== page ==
by Katie Rose Criscuolo Online Content Editor
Sometimes, a story needs to be told twice. The Help, a 1960′s period piece taking place in Jackson, Mississippi began as a heartfelt novel which took an intimate look into the disparate lives of black housemaids and the white women who hired, commanded, and, in some ways, ruled them.
In the novel, author Kathryn Stockett captured the complex relationships between these women and the social inequality of their world. The film version (Aug. 10) stayed surprisingly close to the book, as so many adaptions fail to do.
The Help revolves around three very different women– Skeeter Phelan, Aibileen Clark and Minnie Jackson, (played by Emma Stone, Viola Davis and Octavia Spencer respectively) who secretly meet on a writing project which accounts the black maids’ experiences. Viola Davis’s exceptional performance in the film could have carried it alone.
After losing her only son, Aibileen Clark works for Elizabeth Leefolt (Ahna O’Reilly), tending to housework but most importantly raising Leefolt’s somewhat maltreated daughter Mae Mobley. Minnie is often the comic relief in the movie, having worked for the racist social climber Hilly Holbrook (Bryce Dallas Howard). After she is fired for using the indoor restroom and falsely accused of stealing, she bakes Ms. Hilly a treat treat that is as unforgettable for the audience as it is for Holbrook (spoiler alert: potty humor).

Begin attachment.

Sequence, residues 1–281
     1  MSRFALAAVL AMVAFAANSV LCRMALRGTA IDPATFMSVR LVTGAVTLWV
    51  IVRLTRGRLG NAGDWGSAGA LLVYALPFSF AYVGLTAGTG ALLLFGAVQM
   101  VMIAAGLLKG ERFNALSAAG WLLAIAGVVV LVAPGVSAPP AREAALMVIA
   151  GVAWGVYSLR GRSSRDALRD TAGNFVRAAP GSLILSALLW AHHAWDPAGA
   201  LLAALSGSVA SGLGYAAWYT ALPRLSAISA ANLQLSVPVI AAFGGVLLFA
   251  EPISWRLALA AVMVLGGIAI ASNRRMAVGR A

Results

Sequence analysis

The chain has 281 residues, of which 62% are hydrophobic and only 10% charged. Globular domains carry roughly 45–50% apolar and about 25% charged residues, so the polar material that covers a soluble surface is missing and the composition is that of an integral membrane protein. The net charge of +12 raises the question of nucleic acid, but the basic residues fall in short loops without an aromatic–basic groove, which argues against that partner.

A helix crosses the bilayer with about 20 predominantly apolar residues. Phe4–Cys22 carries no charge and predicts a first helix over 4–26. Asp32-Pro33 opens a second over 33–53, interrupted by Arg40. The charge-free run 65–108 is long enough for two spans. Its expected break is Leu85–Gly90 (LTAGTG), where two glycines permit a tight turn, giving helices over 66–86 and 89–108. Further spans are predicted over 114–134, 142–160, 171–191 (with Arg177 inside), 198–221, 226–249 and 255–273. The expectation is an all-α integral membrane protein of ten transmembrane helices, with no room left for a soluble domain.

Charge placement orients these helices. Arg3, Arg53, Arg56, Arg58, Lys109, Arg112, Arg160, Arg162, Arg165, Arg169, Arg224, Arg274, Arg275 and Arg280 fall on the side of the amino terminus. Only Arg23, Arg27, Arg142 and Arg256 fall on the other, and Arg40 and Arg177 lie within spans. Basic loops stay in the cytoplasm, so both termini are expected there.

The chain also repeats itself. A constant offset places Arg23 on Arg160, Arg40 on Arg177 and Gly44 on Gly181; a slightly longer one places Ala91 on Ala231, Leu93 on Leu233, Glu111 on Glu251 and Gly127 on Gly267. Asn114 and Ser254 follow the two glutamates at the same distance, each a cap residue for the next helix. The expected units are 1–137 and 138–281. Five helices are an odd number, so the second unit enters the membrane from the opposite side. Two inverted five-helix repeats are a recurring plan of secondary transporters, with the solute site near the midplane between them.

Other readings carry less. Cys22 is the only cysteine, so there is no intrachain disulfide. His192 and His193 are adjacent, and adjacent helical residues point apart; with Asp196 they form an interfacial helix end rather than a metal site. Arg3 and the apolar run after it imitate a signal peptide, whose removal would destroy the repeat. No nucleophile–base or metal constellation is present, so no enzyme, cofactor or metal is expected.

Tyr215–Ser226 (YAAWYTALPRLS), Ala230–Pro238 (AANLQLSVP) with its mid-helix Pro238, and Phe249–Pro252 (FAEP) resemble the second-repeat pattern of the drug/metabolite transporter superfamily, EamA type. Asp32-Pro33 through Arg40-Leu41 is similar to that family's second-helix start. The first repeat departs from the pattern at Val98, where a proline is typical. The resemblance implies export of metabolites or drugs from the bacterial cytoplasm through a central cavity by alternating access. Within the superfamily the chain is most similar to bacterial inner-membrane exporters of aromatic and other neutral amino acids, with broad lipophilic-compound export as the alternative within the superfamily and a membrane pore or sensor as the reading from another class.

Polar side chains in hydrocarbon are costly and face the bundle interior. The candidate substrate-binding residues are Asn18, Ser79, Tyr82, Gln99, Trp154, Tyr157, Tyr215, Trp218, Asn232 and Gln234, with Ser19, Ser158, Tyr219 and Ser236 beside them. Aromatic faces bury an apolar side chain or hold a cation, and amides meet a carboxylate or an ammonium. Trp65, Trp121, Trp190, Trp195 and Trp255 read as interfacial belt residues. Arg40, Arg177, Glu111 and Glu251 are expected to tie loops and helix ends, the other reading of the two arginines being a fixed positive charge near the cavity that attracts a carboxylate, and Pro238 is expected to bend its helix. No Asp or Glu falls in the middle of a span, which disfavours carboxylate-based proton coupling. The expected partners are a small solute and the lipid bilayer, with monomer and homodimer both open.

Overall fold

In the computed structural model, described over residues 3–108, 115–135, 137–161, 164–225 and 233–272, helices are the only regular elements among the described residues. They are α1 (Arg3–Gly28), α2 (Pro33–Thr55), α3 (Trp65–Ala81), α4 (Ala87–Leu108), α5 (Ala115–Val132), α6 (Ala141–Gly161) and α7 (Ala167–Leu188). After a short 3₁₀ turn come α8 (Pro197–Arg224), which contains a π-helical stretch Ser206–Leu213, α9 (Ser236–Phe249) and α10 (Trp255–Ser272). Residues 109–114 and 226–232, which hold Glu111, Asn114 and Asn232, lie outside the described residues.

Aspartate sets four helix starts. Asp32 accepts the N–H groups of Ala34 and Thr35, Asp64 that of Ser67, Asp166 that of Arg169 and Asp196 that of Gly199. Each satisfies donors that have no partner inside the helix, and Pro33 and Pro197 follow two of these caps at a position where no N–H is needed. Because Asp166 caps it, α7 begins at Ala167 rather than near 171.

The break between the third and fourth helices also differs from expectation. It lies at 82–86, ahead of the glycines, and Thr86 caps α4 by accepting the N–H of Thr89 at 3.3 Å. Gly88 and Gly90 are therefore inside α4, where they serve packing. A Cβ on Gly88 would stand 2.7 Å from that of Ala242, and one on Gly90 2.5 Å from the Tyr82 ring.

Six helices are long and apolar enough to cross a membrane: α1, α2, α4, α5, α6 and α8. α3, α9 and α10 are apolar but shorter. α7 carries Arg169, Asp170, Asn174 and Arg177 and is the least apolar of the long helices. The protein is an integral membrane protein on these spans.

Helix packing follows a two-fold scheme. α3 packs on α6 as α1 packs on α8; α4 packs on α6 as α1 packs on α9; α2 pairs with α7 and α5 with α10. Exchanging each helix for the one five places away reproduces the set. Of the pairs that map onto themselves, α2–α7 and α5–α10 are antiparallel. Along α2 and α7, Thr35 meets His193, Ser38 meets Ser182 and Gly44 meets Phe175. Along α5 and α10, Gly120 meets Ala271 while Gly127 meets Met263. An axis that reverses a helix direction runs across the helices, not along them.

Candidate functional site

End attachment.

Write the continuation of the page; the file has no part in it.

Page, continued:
And then there is Eugenia “Skeeter” Phelan, who, unlike so many around her in the film, appreciates on a deeper level the sacrifices black maids make in order to raise white children. 23-year-old Emma Stone certainly rose to the challenge, resisted over acting, and remained subtly lovable while portraying a trailblazing woman. Yet, for all her tenacity, she maintains the vulnerability of a social outcast.
However great the primary actors were, the movie would not have been the same without little performances from big names like Sissy Spacek (Hilly’s senile yet somehow enlightened mother) and Allison Janney (Skeeter’s mother, constantly pressuring her to find a husband and fix that “awful hair”). Jessica Chastain, who plays the “white-trash” and overly excitable Celie Foote, also gives a believable performance to a character which, when translated to a movie, could have gone terribly wrong.
Critics have expressed that the movie and the book are too concerned with race. The truth is that race is a huge component to the story, if not the key theme, because it is a period piece which takes you to a time when race all but defined who you were. With such superb character development on behalf of Stockett, director Tate Taylor, and the cast, the viewer is able to see inside each person, whether black or white.
The truth is that while black women were certainly one of the most repressed and abused demographics, all women of this time were trapped in their own stereotype. It strikes a raw nerve, to say the least. However backwards the thinking was back then it is important to remember so that we can strive to eliminate it completely.